Verbal Aspect in Synoptic Parallels

On the Method and Meaning of Divergent Tense-Form Usage in the Synoptic Passion Narratives

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In Verbal Aspect in Synoptic Parallels Wally Cirafesi answers the question of why the Synoptic Gospels at times employ different tense-forms to communicate the same action. The problem has typically been explained from the perspective of redaction criticism and temporal Aktionsart approaches to the Greek verb. Cirafesi challenges these approaches by reframing the discussion in terms of recent advances in verbal aspect theory and discourse analysis. He convincingly demonstrates that such differences in tense-form usage have to do with how each Gospel writer wishes to construct their discourses according to various levels of linguistic prominence.

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Wally V. Cirafesi is a graduate of McMaster Divinity College, where he is also an Adjunct Instructor. He is Associate Editor of the journal Biblical and Ancient Greek Linguistics, and has published articles in journals such as New Testament Studies, Journal of Greco-Roman Christianity and Judaism, Journal for the Study of Paul and his Letters, and Biblical and Ancient Greek Linguistics.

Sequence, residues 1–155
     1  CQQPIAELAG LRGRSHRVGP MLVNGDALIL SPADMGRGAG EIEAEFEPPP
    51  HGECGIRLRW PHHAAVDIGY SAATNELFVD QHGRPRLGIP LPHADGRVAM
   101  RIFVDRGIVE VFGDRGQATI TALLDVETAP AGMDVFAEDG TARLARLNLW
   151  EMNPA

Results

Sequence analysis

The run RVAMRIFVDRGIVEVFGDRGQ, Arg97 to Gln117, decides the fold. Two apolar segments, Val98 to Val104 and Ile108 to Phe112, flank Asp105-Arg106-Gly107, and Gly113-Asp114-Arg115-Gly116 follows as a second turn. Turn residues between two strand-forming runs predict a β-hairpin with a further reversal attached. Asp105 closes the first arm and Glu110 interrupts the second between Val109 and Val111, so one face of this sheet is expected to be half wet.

"Die Untersuchung ist klar aufgebaut und gut zu lesen." – Marius Reiser, Heidesheim, in: Theologische Literaturzeitung 140 (2015)
1. Introduction
Introduction
The Historical Context for the Present Study
The Rise of Modern Linguistic Approaches to Gospel Studies
The Greek Verbal System and Verbal Aspect Theory: Past and Present Discussions
2.Theory and Method Part I
Introduction
The Limitations of Temporal and Aktionsart
The Semantics of the Major Greek Tense-Forms:
Summary

3. Theory and Method Part II
Introduction
Systemic Functional Linguistics, Verbal Aspect, and Discourse Analysis
Procedure
Summary

4. Jesus Comes to Jerusalem: The Triumphal Entry, the Cleansing of the Temple, and the Cursing of the Fig Tree
Introduction
The Cohesiveness of the Episodes
The Content of the Episodes
Aspectual Analyses
Summary and Conclusion

5. Peter’s Denial of Jesus
Introduction
The Cohesiveness of the Episode
The Content of the Episode
Aspectual Analyses
Summary and Conclusion

6. The Crucifixion of Jesus
Introduction
The Cohesiveness of the Episodes
The Content of the Episodes
Aspectual Analyses
Summary and Conclusion

7. Conclusion and Results
Summary
Results of Tense-form Analyses
A Way Forward

All interested in anicent Greek language and linguistics and New Testament exegesis, and anyone particularly concerned with the significance of verbal aspect theory for interpretation of the Synoptic Gospels.